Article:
According to his outlook, the advent of the redemption will take a natural course. He was of the naturalist, rather than the apocalyptic, school (Schwartz 1997). Therefore, it is incumbent upon us to bring the redemption actively rather than to wait for it passively as advocated by the ultra-Orthodox (A statement influenced by Rabbis Alkalay and Uziel. Alkalay 1903 530-532) "It was clear to them [to the rabbis] that it is necessary to anticipate a redemption that will come through nature and wars". He explained the development of the passive-exilic approach thus, "The torturous and anguished exile suffered by the people of Israel... removed from their thoughts any slim hope of being able to become released from the exile in a natural way". R. Halevi understood this way of thinking, "Could an anguished and pained nation, scattered in all corners of the earth... even think of a national revival, an ingathering of the exiles, and establishment of a state in a natural way?" Hence the apocalyptic approach evolved, whereby the redemption would come from heaven with no human efforts. "Therefore, their sages and scribes, preachers and teachers, were compelled to plant in them a faith in a Divine, miraculous redemption" (Halevi 1976, 1:3).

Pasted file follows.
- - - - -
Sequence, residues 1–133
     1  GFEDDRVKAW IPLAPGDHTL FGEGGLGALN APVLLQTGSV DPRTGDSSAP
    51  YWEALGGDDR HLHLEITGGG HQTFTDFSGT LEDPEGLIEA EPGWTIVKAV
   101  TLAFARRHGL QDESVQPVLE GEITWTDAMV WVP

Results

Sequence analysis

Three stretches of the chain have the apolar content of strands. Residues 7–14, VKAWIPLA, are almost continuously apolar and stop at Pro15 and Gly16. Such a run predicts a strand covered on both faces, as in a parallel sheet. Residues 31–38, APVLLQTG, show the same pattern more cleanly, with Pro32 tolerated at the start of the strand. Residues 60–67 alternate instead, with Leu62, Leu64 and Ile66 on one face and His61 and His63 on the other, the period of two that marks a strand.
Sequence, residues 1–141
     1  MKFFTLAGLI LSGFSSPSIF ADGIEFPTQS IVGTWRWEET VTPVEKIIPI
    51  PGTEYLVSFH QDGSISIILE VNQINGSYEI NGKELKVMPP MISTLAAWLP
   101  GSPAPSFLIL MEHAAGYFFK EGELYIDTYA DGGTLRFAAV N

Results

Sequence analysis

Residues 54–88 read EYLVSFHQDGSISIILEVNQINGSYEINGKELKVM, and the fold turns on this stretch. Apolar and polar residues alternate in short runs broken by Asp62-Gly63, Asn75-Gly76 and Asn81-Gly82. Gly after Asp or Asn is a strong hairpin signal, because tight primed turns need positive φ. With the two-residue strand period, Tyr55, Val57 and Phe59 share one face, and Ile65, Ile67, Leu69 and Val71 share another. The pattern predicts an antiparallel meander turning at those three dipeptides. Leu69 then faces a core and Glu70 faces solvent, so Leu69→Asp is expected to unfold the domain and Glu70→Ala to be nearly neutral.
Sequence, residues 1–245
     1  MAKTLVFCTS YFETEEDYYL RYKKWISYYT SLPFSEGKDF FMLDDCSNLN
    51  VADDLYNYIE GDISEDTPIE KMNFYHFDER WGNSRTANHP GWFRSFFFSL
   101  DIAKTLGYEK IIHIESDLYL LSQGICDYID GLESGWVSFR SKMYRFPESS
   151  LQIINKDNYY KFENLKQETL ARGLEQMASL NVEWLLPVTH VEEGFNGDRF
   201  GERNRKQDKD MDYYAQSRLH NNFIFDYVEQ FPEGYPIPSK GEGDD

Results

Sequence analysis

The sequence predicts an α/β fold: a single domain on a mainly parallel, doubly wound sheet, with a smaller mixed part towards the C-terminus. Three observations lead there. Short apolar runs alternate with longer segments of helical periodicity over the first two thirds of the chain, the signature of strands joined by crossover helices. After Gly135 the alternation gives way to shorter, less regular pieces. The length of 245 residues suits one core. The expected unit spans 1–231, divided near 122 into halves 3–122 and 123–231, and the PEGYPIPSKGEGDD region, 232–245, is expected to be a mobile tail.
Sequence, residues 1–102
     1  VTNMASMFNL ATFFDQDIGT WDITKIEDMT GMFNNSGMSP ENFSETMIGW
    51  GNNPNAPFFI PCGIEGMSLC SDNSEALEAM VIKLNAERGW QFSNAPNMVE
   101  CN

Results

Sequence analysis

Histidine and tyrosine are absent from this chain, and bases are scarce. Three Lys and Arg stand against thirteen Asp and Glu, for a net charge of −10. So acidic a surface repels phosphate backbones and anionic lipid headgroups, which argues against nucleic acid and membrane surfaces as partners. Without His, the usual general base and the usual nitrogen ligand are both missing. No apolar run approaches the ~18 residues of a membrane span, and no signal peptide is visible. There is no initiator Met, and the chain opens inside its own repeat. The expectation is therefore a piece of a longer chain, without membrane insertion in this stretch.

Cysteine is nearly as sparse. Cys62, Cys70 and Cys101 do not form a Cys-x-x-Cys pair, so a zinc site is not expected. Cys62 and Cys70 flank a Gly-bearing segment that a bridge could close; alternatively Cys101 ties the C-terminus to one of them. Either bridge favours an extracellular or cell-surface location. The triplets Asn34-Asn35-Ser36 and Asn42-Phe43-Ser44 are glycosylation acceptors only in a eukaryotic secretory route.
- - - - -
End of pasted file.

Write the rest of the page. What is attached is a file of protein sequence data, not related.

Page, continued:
Despite this understanding he claimed that "on the other hand, this faith led to a complete enervation within the nation, which sat passively in wait of the future redemption". And now, when the redemption has arrived in his opinion, and it must be carried out naturally, "then that multi-generational faith in a miraculous-Divine redemption became an obstacle. It was precisely the most faithful who fought strongly against political Zionism which engaged, as desired by the Creator, in preparing the way for the redemption of Israel through natural means" (Halevi 1976, 1:3). In his opinion, this is the underlying ideological dispute between religious Zionism and the ultra-Orthodox.
As one who believed he was living in Messianic times, R. Halevi attempted to prove his arguments. As he saw it, the ingathering of the exiles and the rejuvenation of the Land of Israel, through worldly work and natural means, are "distinct signs of redemption". "Everything we are seeing is stages in the redemption of Israel. To this I have two true testimonies: the ingathering of the exiles and the rejuvenation of the land".